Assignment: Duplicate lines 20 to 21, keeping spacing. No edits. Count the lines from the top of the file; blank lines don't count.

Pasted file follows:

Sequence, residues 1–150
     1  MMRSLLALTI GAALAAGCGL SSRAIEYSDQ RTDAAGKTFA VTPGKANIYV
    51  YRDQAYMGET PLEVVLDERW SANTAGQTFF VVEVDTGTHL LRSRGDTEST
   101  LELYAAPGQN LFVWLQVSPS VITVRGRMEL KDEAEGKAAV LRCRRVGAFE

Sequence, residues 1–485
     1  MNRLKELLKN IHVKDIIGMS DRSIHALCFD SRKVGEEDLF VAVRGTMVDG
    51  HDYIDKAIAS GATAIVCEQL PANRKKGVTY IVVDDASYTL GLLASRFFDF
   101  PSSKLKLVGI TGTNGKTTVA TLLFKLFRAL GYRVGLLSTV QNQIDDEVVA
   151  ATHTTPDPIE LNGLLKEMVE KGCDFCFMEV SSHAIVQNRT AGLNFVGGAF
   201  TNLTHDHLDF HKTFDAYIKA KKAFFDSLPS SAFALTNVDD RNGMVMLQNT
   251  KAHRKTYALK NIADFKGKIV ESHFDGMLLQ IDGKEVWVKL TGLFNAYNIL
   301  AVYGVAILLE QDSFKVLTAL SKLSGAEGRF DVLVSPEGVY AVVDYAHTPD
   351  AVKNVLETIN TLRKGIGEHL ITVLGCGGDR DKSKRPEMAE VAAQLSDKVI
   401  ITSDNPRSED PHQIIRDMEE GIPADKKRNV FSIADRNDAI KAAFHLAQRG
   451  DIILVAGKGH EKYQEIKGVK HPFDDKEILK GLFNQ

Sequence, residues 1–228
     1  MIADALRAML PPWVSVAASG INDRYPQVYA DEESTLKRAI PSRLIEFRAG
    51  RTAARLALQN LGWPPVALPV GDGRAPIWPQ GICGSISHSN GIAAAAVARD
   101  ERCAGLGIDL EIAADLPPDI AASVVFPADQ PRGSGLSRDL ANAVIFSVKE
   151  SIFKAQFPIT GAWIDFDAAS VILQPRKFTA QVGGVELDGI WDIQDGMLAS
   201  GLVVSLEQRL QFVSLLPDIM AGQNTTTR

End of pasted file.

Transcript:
   151  SIFKAQFPIT GAWIDFDAAS VILQPRKFTA QVGGVELDGI WDIQDGMLAS
   201  GLVVSLEQRL QFVSLLPDIM AGQNTTTR